This is about interpretations, and how they transform law into something unrecognisable.
The first example is karshrut, the orthodox jewish diet. Its origins can be traced mostly to the eleventh chapter of the third book of Bible (or Torah, if you like) – the Leviticus:
And the LORD spake unto Moses and to Aaron, saying unto them, Speak unto the children of Israel, saying, These are the beasts which ye shall eat among all the beasts that are on the earth…
(the full text is here)
Couple of thousand years later, we find the concise set of rules transformed into something very complicated, apparently bloated and sometimes conflicting. The main thing is – if you want to sell kosher food, you cannot just claim that the food is kosher. There is no self-assessment. You must hire someone from a Kashrut authority to supervise your processes and certify your compliance. To something that is vaguely based on the initial law.
A more recent but very similar example is An Act to protect investors by improving the accuracy and reliability of corporate disclosures made pursuant to the securities laws, and for other purposes, commonly referred to as the Sarbanes-Oxley Act (or just SOX). It is the US Congress’ response to series of corporate scandals, including burst of the telecom bubble (read Om Malik’s excellent book “Broadbandits” about it), and Enron demise.
The act is about implementing audit and security controls so that corporate executives won’t tamper with financial results in order to inflate share price and such. Yes, it includes something about information security – so vague that I can easily post the entire Section 404 here:
SEC. 404. MANAGEMENT ASSESSMENT OF INTERNAL CONTROLS.
(a) RULES REQUIRED.—The Commission shall prescribe rules requiring each annual report required by section 13(a) or 15(d) of the Securities Exchange Act of 1934 (15 U.S.C. 78m or 78o(d)) to contain an internal control report, which shall -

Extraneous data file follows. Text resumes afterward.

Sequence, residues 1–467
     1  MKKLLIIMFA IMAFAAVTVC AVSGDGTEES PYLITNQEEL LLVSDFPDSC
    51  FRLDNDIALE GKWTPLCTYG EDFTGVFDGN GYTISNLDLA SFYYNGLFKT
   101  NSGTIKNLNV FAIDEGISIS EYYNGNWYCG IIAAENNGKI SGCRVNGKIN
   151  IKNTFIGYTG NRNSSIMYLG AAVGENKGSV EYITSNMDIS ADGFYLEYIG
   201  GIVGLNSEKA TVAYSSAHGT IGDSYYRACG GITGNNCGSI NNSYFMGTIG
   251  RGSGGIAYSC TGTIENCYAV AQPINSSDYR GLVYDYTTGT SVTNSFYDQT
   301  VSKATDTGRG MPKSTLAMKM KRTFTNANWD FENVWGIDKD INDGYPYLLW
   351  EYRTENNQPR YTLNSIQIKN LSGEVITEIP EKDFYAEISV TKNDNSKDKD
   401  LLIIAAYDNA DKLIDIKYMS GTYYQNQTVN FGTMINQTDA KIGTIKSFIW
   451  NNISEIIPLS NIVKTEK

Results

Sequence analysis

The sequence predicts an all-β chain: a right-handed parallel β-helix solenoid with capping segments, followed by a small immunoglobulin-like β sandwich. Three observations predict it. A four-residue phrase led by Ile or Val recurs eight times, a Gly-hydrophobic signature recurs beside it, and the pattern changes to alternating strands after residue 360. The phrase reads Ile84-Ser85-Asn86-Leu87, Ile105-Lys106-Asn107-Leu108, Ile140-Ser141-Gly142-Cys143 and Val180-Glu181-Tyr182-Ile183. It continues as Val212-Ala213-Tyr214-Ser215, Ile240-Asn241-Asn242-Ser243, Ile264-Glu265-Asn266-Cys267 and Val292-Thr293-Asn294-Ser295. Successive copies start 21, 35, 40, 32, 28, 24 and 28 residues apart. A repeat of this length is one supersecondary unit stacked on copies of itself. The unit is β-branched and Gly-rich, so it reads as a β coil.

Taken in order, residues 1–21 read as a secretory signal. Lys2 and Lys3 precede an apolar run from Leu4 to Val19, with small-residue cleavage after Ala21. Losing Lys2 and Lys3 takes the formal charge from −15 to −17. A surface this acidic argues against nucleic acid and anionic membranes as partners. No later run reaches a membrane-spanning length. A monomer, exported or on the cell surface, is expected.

(1) state the responsibility of management for establishing and maintaining an adequate internal control structure and procedures for financial reporting; and
(2) contain an assessment, as of the end of the most recent fiscal year of the issuer, of the effectiveness of the internal control structure and procedures of the issuer for financial reporting.
(b) INTERNAL CONTROL EVALUATION AND REPORTING.—With respect to the internal control assessment required by subsection (a), each registered public accounting firm that prepares or issues the audit report for the issuer shall attest to, and report on, the assessment made by the management of the issuer. An attestation made under this subsection shall be made in accordance with standards for attestation engagements issued or adopted by the Board. Any such attestation shall not be the subject of a separate engagement.
That’s it. Much shorter than the Leviticus Chapter 14. Do you see anything about firewalls, intrusion detection and prevention systems, antivirus software and email journaling? Me too. The law requires have verifiable set of controls around financial information (which is reasonable); the controls aren’t defined (which is bad); and it’s up to the auditors to define what’s required.
Boom! Big Five acounting firms (okay, they’re Big Four – Andersen becape a scapegoat) all of a sudden have a lot of new business to do. That is, they interpret the law at their will, and they are charging a fee to check compliance to what is largely a result of their own imagination. In just five years, SOX resulted in creation of a new Kashrut system.
Probably I should give examples of SOX stupidity. The most fascinating one, if true, is this one: based on SOX, the IT auditors require all routers to be tested under high load for a fortnight before connecting those to production. I cannot name the source, nor the auditors here – just heard it through the grapevine. But for some reason I tend to believe it.
CEOs, CFOs and CIOs hardly ever touch routers or administer servers. In all cases of corporate fraud they were using other means to defraud the investors.
Compliance is only good if it brings benefits. More secure infrastructure is usually more stable, because it must be well-managed to stay secure. But it’s very easy (and tempting, to some) to go overboard with compliance. If you attend a presentation of a new product, and you hear “SOX” or “HIPAA” in the first five minutes – walk away.